Bag Guy! When I saw the parts to make a dude with just a club and a sack over his shoulder, I couldn’t resist.
I gave him a stub pistol on his hip just in case, but I pretty much had to leave this guy as he was, his stupid face and giant sack gave me too much pleasure to change.
Next up is Petrol Dude, who was just popping out for a gallon o’ the good stuff when a fight kicked off. His head was from a leftover Syracuse project from a previous year, and the mix of high-tech rebreather and low-tech conical hat was perfect for the kind of person that might make a lot of trips down corridors filled with dripping fluids and noxious gases.
Some kind of manic street preacher, also toting the ‘literature on chest’ chic that is very in right now. Perhaps more refined than Mad Hobo Guy, he’s brought a lamp with him so people can actually read what’s written on his belly-book.
The previous 10 civilians were made using the Frostgrave kits and a selection of odds and ends from my bits box. It wasn’t until I was all finished and finalised that I re-read the rules for the Downtown Dust-up and discovered the civilian count was D6+6 per game, meaning a maximum of 12. Guess I’d have to build a few more!
This is ‘off-duty guardsman just trying to enjoy his pint’. The core of this model has been ratting around my bits box for a while (I picked him up in the Bag o’ Doom) without much idea of what to do with him until this project came along. I snipped off his old guardsman head and replaced it with an Orlock one, and he held a Catachan fighting knife in his left hand which was swapped with a tankard.
A little Cadian helmet on the belt implied he was some kind of off-duty fighter, and that was the character I wanted him to be. Out minding his own business, taking his promethium can for a walk down the pub…
And finally Spade Guy, another long-time bits box dweller. He’s predominantly Warhammer zombie with an Empire head with other bits added. I wasn’t keen on the bone leg, it was Undead for my taste, so I snipped it off and replaced it with a bit of lance as a peg-leg. Naturally he still carries round his old leg on his belt, just in case…
I had a lot of fun putting these civilians together, and I’ve a new-found respect for the entire Frostgrave line for its versatility and ease of use. I’ll certainly be picking up more of them in the future, but for now… to the spray paint!
Our Dark Heresy campaign has made it to the planet of Syracuse -a dank and miserable affair perfect for acolytes tramping around in the mud and rot. For the campaign I wanted some epic set pieces, and even put together a game board to help build the mood.
It was time to return for another brawl, this time to defend an Imperial Cathedral (or what was left of it) from rampaging Undertow during a full-blown civil war.
The setup used parts from previous encounters, as well as some lovely houses from 4Ground to make it appear a little better lived-in than previous encounters. The cathedral came from the Kill Team boxed set I picked up when it was still circulating, and now goes by Sector Imperialis. It’s a nice kit that I went a bit overboard with, and I’m sure will get a write-up at some point.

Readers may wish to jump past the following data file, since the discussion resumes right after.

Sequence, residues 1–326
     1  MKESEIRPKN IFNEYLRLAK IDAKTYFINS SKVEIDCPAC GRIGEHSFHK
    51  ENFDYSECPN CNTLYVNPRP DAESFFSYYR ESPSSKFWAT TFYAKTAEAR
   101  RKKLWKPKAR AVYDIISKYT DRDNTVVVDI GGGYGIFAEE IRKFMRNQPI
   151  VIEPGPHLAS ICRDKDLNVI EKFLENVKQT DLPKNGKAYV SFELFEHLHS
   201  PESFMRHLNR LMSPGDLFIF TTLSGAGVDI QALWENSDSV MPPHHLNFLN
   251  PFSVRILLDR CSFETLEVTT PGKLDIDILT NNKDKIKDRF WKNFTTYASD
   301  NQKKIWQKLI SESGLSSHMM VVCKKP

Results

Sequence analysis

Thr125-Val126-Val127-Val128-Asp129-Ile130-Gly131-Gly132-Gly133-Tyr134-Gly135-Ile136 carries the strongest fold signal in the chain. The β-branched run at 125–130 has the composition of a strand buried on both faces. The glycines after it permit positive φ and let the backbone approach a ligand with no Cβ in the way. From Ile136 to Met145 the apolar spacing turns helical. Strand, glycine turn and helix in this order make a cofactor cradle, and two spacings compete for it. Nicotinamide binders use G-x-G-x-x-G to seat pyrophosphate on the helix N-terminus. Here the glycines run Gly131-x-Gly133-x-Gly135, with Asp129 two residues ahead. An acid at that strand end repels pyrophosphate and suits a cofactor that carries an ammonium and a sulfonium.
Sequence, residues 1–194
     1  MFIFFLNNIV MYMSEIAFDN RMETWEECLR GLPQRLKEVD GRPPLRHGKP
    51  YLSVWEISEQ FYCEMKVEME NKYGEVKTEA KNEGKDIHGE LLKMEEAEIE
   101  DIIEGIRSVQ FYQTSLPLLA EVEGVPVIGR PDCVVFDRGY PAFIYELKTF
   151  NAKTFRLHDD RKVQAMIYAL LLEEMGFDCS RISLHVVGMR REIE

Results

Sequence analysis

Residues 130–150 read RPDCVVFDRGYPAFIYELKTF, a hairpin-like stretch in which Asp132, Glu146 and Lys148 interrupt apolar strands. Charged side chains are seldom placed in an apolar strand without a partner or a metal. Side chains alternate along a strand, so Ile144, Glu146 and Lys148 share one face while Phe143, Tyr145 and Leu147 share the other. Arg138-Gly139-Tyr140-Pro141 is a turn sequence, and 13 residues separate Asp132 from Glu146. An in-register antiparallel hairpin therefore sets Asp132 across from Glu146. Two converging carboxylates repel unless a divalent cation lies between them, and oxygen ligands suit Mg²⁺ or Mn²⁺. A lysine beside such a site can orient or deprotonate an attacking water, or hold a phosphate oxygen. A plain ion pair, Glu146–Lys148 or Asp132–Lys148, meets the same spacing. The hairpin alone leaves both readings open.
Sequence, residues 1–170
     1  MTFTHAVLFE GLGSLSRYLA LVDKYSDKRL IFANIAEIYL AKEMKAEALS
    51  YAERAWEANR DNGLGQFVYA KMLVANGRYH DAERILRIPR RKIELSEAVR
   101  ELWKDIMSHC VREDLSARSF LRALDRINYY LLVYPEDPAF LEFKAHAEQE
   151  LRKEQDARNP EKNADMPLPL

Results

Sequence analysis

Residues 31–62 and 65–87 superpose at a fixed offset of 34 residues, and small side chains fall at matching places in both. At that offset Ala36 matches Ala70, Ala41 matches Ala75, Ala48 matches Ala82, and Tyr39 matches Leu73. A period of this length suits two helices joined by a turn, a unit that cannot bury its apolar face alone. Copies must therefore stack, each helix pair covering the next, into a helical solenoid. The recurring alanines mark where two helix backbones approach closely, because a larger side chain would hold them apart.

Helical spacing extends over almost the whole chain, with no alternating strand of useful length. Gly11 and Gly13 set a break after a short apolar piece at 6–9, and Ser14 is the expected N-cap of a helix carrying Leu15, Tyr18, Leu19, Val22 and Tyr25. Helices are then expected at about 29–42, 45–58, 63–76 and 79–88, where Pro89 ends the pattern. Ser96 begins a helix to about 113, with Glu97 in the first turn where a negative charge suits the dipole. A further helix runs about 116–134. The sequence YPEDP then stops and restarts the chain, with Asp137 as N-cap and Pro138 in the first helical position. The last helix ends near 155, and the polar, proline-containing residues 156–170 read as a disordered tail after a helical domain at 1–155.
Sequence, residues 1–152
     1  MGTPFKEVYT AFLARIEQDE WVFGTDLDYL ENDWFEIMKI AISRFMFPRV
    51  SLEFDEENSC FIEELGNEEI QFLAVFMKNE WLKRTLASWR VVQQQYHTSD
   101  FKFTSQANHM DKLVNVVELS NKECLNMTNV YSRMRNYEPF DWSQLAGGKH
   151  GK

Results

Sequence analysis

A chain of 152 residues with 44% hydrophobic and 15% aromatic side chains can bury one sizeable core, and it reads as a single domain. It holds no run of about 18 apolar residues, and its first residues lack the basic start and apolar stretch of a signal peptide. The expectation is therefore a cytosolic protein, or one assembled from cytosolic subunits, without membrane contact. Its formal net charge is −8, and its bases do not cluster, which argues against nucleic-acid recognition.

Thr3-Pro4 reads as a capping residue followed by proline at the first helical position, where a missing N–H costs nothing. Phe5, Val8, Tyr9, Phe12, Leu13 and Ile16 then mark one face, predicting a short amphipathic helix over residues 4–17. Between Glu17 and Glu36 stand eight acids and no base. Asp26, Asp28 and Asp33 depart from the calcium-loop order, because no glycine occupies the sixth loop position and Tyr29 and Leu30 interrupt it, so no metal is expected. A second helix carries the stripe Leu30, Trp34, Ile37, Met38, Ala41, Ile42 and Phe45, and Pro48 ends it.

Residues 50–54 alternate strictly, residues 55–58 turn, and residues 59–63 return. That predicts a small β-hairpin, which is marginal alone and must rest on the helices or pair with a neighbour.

I wish I’d taken more photos, but c’est la vie. The players were entering on the opposite end of the board to the Cathedral, with angry Undertow in the middle laying siege to the beleaguered Adeptus Arbites defenders (who did have a write-up for them done here.). If the players got to them in time, they would make valuable allies in the war to come.
The rain was bucketing down. Weather was a big part of this campaign, and nasty environmental effects include reduced vision and penalties to shooting. Not ideal for a predominantly ranged band of Acolytes!
The Undertow were out in force, showing that fancy equipment isn’t necessary to be a threat in such environments. Armed with reliable weaponry that won’t jam when dropped in the mud, firebombs filled with water-retardant chemicals and good ol’ fashioned shivs, they were more than a match for the players on the day.
They even set up a heavy weapon in the house across the street, ready to spit out a harrowing amount of lead if the Acolytes didn’t neutralise it.
The gang were joined by a temporary character, an ex-Zini armsman mercenary guardsman handy with a mono-club and with a penchant for explosives. The player would come to be a regular part of our gang in future campaigns, but for now we enjoyed having the extra muscle.
The house with the heavy weapon was unceremoniously lit up by the new guardsman, who had acquired a single-shot missile launcher earlier on and had been holding onto it for a special occasion.
On the players’ right flank, the Arbitrator had made a dynamic entry on a stolen dirt bike, ramping off a pile of debris and landing in the fountain for cover. It kept the Undertow at bay, but not for long. A criminal with a massive two-handed meathook charged up a set of stairs and bit deep into the Adept’s leg, dropping her into -5 Critical damage. It was at this point that we all realised how little armour the Adept was wearing – she still had on her starter set of armour that her career is given at character generation – a flak vest and some loose-fitting robes. In almost 6 years of playing with these characters, it had never come up that she might be under-dressed for the occasion of saving the world!
The mercenary handily finished off the offending criminal before he could finish the job of hacking off the Adept’s leg and swept round clubbing anyone she could find.